What Is Compound?
Compound, to savers and investors, means the ability of a sum of money to grow exponentially over time by the repeated addition of earnings to the principal invested. Each round of earnings adds to the principal that yields the next round of earnings. In savings accounts, this is called compound interest.
By contrast, simple interest does not reflect compounding. The interest is paid on the original balance only, not the original balance plus its previous earnings.
- Compounding is the repeated addition of interest payments to the principal invested over a period of time.
- The principal grows exponentially as each new payment of interest is added to it.
- The higher the number of compounding periods, the greater the amount of compound interest will be.
- Financial experts advise individuals to start saving early as the benefits of time with compounding greatly increases returns.
- Simple interest is paid only on the original amount invested, growing more slowly over time.
Understanding Compound Interest
Suppose you invest $10,000 into company XYZ. In the first year, the shares rose 20%. Your investment is now worth $12,000. Based on its good performance, you hold onto the stock. In Year 2, the shares appreciate another 20%. Your $12,000 investment has now grown to $14,400.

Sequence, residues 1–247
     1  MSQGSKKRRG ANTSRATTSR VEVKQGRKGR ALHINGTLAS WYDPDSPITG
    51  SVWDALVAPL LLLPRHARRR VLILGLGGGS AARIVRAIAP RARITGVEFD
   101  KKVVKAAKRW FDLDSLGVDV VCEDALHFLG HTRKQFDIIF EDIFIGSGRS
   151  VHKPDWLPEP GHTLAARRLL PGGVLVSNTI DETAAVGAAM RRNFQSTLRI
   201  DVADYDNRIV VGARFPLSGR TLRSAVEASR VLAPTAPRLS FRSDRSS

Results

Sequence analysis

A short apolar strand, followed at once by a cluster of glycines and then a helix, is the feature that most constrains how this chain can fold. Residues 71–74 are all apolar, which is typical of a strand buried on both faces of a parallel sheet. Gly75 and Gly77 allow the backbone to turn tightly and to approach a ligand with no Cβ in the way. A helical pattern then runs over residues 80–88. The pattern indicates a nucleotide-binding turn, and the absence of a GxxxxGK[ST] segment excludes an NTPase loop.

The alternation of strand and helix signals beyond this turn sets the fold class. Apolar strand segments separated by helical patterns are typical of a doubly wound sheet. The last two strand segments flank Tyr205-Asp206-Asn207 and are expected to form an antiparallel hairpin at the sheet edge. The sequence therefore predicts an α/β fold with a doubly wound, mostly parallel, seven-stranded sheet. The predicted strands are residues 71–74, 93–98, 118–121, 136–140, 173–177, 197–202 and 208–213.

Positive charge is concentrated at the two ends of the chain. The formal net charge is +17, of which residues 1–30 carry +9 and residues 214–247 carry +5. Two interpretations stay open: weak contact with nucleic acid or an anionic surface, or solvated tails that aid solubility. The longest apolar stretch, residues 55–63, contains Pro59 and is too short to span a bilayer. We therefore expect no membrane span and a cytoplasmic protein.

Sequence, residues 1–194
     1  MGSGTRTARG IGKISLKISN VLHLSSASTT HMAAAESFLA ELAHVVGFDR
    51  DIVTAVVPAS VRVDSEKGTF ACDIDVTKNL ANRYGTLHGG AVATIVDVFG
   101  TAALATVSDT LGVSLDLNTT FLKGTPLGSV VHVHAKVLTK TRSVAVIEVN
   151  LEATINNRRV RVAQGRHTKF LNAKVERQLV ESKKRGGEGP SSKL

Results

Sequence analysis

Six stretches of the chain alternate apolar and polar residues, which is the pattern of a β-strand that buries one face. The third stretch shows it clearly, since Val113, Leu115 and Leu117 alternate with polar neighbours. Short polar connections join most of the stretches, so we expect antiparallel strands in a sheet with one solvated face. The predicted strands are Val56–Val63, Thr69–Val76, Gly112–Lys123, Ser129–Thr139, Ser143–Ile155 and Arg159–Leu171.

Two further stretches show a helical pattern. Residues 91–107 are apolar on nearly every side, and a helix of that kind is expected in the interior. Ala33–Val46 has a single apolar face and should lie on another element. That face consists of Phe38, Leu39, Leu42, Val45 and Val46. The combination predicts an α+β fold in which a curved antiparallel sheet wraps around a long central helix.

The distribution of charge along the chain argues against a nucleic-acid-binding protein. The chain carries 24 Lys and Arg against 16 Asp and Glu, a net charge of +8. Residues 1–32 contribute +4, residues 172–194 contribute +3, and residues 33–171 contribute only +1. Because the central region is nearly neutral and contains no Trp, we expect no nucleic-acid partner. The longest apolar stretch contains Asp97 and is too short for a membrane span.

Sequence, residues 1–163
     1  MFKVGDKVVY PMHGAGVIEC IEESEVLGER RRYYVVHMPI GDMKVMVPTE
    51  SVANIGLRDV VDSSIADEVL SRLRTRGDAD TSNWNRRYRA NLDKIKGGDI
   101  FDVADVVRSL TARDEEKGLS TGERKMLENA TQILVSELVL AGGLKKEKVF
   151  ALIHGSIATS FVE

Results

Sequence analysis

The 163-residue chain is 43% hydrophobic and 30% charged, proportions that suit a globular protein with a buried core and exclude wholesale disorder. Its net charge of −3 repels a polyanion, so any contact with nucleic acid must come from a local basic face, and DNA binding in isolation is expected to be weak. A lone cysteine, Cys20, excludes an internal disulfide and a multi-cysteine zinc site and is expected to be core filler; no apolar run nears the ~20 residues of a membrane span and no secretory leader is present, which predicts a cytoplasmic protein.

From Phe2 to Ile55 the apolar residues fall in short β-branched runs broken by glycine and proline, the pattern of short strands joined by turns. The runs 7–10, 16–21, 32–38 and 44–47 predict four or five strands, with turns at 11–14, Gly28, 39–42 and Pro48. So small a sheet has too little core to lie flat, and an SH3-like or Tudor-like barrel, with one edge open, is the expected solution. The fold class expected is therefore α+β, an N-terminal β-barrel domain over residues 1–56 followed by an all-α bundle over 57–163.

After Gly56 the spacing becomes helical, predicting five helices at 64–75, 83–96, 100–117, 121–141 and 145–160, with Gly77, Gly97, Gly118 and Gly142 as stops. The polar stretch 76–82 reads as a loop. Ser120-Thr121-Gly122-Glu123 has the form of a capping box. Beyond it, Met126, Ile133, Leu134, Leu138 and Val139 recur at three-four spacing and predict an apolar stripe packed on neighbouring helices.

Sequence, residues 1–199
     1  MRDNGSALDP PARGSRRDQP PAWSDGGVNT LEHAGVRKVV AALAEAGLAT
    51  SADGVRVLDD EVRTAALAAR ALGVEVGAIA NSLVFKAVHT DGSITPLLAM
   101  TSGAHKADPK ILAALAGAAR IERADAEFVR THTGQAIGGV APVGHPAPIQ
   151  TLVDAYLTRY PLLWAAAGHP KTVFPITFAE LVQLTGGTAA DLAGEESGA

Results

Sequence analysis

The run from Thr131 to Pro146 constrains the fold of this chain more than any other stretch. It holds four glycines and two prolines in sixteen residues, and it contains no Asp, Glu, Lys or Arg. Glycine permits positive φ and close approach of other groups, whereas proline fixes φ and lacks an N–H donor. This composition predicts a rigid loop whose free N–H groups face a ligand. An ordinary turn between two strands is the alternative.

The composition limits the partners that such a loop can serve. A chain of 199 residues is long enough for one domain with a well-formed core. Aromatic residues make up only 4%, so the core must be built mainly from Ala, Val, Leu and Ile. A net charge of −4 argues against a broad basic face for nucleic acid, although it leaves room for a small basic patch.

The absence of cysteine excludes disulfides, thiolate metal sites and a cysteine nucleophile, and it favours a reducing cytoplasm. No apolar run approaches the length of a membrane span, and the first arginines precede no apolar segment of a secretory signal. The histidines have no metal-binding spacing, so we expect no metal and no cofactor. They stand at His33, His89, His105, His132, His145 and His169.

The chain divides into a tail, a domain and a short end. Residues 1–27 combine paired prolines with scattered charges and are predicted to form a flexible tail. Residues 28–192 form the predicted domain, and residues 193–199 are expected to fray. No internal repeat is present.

Rather than your shares appreciating an additional $2,000 (20%) as they did in the first year, they appreciate an additional $400, because the $2,000 you gained in the first year grew by 20% as well.
If you extrapolate the process out, the numbers start to get very big as your previous earnings start to provide further returns. In fact, $10,000 invested at 20% annually for 25 years would grow to nearly $1,000,000, and that's without adding any money to the original amount invested.
The power of compounding was called the eighth wonder of the world by Albert Einstein, or so the story goes. He also is said to have declared: "He who understands it, earns it. He who doesn't, pays it."
How to Calculate Compound Interest
The formula for calculating compound interest is as follows:
Compound Interest = Total amount of Principal and Interest in future (or Future Value) less Principal amount at present (or Present Value)
= [P (1 + i)n] – P
= P [(1 + i)n – 1]